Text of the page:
‘The Vagina Monologues’ challenges social norms

| Senior Scene Editor

The cast of “The Vagina Monologues” performs on Thursday night in Graham Chapel.Lily Schorr | Student Life

The cast of “The Vagina Monologues” performs on Thursday night in Graham Chapel.

“The Penis Game,” for many of us in our junior high years, seemed like the pinnacle of social impropriety—when you and your friends would test one another’s nerves by shouting “penis!” in public, as loud as you could. The cast of this year’s “The Vagina Monologues” would like to challenge you to play “The Vagina Game” instead.

The show opened its three day engagement at Graham Chapel on Thursday night.

“My goal for the entire cast was that each member would feel comfortable saying the word ‘vagina’ in normal conversation. Or scream it, for that matter,” said junior Sarah Wagener, the show’s director.

By presenting dramatic, emotional, humorous and honest accounts of real women across the globe, the actors in the show hope to encourage audience members to have more open conversations about female sexuality and to feel secure enough in their own sexualities to speak about sex and vaginas in an honest, even celebratory way.

“If one girl in the audience walks away from the show able to say ‘vagina’ the way I can now, that would be so rewarding,” said sophomore Sarah Elster, who performs a monologue about a woman who comes to terms with her sexuality through an intimate relationship.

“The Vagina Monologues” originated as an off-Broadway episodic play in 1996. Eve Ensler, an American playwright and activist, created the play after interviewing hundreds of women of all different backgrounds about their sex lives and their relationships with their vaginas. She turned these interviews into a series of monologues that grew into the internationally performed “The Vagina Monologues,” which now benefits V-Day, an organization dedicated to ending violence against women.

Though it has gained popularity on college campuses, “The Vagina Monologues” is not just a show for undergraduate performers; many noteworthy and Oscar-winning actresses have performed the monologues, including Cate Blanchett, Whoopi Goldberg, Marisa Tomei and even Oprah Winfrey.

Though she recognizes that the show may make some audience members feel uncomfortable, Waegner said, “that’s the powerful thing about art and theater—the ability to provoke and make people question and become more comfortable with something they might not understand completely.”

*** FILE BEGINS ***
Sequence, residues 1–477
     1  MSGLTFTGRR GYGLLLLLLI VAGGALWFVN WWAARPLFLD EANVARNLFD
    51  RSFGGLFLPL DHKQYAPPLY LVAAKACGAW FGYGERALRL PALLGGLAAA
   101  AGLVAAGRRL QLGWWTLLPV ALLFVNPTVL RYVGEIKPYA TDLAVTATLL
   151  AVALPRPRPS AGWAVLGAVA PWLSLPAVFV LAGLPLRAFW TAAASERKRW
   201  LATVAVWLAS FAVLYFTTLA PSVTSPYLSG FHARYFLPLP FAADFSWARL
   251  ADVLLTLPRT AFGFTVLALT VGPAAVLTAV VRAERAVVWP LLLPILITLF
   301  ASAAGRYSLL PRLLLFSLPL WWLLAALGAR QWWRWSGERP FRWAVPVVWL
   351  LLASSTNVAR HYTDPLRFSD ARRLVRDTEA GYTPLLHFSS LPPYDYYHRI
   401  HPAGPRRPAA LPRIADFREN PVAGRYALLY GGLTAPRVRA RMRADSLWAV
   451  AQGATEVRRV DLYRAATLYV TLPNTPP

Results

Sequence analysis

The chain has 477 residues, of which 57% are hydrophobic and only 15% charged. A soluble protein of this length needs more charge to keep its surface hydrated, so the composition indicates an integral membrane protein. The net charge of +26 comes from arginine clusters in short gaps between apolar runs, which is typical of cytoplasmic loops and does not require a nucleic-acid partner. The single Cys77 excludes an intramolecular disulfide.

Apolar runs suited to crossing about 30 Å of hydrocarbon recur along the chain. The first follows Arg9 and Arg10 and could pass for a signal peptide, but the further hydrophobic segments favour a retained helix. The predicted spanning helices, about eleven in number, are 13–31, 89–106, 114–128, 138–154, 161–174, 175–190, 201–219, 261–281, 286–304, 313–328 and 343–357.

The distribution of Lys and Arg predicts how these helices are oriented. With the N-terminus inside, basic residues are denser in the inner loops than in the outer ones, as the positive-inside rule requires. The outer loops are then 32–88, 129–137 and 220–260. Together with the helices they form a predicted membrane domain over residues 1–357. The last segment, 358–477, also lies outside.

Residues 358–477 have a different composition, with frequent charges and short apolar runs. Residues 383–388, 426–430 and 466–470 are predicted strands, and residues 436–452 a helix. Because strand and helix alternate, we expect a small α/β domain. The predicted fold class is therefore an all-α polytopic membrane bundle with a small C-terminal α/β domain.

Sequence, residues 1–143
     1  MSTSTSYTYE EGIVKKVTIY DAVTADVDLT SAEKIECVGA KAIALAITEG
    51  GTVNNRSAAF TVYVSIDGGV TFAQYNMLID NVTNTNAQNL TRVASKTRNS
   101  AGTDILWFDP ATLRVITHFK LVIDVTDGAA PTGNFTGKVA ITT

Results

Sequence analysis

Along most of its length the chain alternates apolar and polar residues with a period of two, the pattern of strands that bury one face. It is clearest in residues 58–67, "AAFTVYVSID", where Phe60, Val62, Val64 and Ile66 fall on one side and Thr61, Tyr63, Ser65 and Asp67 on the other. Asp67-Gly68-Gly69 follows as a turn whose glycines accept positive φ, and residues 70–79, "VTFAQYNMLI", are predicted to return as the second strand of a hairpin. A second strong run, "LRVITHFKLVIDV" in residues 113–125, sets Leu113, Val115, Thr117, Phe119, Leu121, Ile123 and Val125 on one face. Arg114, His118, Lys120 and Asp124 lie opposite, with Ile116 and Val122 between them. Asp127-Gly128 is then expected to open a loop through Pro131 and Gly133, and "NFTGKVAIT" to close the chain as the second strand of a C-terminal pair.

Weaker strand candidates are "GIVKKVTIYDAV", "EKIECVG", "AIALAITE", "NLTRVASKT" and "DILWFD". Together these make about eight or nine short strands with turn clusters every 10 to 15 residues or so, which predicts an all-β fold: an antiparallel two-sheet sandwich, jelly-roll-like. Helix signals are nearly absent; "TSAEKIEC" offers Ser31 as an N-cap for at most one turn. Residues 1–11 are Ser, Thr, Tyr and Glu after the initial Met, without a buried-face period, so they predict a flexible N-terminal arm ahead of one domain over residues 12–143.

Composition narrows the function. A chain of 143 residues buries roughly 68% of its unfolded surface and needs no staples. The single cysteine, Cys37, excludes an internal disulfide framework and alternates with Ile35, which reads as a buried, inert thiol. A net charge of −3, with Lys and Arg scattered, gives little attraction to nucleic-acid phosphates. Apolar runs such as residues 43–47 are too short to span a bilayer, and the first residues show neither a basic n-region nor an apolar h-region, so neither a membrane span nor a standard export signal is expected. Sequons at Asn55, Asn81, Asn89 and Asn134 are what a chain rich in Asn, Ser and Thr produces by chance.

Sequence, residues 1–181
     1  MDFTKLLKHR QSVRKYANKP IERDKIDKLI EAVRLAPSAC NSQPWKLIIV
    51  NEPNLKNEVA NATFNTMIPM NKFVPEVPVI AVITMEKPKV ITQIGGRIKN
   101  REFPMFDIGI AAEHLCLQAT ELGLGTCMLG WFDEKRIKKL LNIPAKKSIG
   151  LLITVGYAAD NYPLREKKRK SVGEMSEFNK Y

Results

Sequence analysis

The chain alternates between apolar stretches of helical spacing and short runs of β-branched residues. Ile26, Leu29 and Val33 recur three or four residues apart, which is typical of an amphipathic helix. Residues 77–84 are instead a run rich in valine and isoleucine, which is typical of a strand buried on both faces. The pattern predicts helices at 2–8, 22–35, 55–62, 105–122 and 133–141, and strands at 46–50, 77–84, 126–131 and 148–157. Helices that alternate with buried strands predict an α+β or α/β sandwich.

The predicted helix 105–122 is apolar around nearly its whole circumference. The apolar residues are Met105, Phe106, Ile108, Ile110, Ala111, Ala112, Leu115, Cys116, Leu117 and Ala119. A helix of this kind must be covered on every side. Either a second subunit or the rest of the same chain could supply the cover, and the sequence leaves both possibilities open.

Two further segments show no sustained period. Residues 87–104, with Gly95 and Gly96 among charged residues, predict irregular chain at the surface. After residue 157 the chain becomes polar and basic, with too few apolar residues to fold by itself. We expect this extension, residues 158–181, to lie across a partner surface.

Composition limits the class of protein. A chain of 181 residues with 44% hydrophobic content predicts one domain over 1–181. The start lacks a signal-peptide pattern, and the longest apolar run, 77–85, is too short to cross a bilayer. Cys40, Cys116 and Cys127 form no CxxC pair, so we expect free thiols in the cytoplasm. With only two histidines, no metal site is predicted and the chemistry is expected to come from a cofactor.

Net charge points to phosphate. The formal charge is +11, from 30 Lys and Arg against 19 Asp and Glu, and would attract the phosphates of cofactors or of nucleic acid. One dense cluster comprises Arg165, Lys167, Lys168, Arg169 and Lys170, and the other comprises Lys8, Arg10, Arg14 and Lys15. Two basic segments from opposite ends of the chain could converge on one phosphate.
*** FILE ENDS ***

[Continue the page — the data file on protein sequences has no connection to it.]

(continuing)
“Guys talk about their penises all the time like it’s nothing. It would be great if women could have those same kinds of open conversations,” said senior Cristina Bonner, who is performing in this weekend’s shows.

With Waegner’s help, the actors have been able to emotionally connect with the material of their monologues.

“It can be difficult because these things that I’m talking about didn’t happen to me—this is someone else’s story,” Elster said. “When I first read it, I really didn’t understand the whole range of emotions within it. But Sarah [Wagener] helped me discover this inner hatred my character had for her vagina—so I had to learn to channel that, and it was really sad and difficult sometimes.”

The monologues cover a wide range of topics, including stories of rape and violence, understanding vaginas, comedic anecdotes, sex trafficking, and giving birth. Wagener explained that one account is even from the perspective of a six-year-old girl.

After an application and interview process, Wagener was selected to direct the show in late October 2010. She cast the show in early November, and the group had its first rehearsal before winter break. “At first, I only met with the performers on an individual basis to work through their monologues,” Wagener said. “When the group finally came together and all the cast members saw and heard everyone else’s work, it was such a rewarding experience. I knew we were working on something special.”

Though directing the show added to her already busy schedule, Wagener couldn’t be happier to have been such an integral part of the show.

“I feel like I’m helping to contribute to an international vision of making the world a happier, more positive place for men and women to interact. It lets me know that the countless hours I put in were really worthwhile, ” she said.

Many of the actors also feel that they have benefited from participating in the performance. Bonner, whose monologue is about the struggles of a transgendered individual, said, “I’m comfortable with my femininity, but working through issues that someone else deals with in their life every day has been really intense and really enlightening. I feel like I’ve gained an added level of comfort with these issues.”

Elster agreed.

“I used to shudder at the word ‘vagina’ and would never say it in person. But now I can scream it—and other inappropriate words,” she said.

“It’s not about surviving traumatic things,” Wagener said. “It’s just about living. I think this show does leaps and bounds to help create a better world for all of us.”

“The Vagina Monologues” continues its run at Graham with performances Friday and Saturday at 8 p.m.